The Peruvian coast is one the best examples of cross-ecosystem food web exchanges, in which resources from one of the richest marine ecosystems subsidize consumers in one of the driest deserts on Earth. Marine subsidies are resources that originate in the marine ecosystem, and that contribute to increase the density of consumers in the recipient ecosystem. I examined the effects of marine subsidies on animal populations in the Peruvian coastal desert.
I combined several approaches to study the linkages between marine resources and terrestrial consumers, such as surveying the spatial distribution and estimating the relative abundance of terrestrial consumers, studying the diet of geckos and lizards through stomach content analyses, and examining the desert food web with carbon and nitrogen stable isotope analyses.
I found that the distribution and diet of desert consumers were tightly coupled to the availability of marine subsidies. I revealed linkages along two pathways of nutrient fluxes: tidal action that washes ashore macroalgae and cadavers of marine organisms, and animal transport in places where pinnipeds and seabirds congregate for reproduction. In the first pathway, intertidal algivivores made marine resources available to terrestrial consumers by moving between the intertidal and supratidal zone. The relative contribution of terrestrial and algal carbon sources varied among terrestrial consumers, because scorpions assimilated a lower proportion of energy from macroalgae than did geckos and solifuges. In the second pathway, I found that pinniped colonies influenced the diet of desert consumers, and contributed to support large populations of lizards and geckos. By combining field observations, and stomach and stable isotope analyses, I constructed a simplified food web for a large sea lion colony, showing the number of trophic levels that originate from pinniped-derived nutrients.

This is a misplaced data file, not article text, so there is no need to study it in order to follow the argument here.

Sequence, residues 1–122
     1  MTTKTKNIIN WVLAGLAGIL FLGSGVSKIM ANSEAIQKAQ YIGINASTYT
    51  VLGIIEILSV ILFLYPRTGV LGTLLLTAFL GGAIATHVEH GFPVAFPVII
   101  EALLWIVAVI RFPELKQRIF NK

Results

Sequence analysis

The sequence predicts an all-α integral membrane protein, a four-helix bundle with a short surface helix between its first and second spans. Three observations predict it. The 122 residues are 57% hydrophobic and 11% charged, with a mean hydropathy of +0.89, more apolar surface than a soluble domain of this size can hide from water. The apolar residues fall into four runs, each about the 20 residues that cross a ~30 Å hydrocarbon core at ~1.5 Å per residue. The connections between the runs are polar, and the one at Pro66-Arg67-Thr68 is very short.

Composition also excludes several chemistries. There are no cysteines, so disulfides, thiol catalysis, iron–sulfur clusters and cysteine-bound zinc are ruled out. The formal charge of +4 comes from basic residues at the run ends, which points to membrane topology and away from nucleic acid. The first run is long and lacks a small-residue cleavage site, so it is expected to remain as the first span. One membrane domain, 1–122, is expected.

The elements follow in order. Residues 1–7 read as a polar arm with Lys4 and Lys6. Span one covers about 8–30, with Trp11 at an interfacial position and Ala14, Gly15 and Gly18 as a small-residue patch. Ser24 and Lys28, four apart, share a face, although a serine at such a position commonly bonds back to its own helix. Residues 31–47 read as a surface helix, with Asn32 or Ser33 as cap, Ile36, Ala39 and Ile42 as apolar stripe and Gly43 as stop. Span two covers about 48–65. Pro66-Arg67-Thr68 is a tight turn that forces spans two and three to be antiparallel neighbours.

My study demonstrates the enormous importance of marine resources for the diet of desert consumers. The near absence of rainfall along the Peruvian coast promotes an extreme dependence of terrestrial consumers on marine resources, and causes permanent food web effects that are affected by temporal variability in marine productivity, rather then temporal patterns of desert plant growth.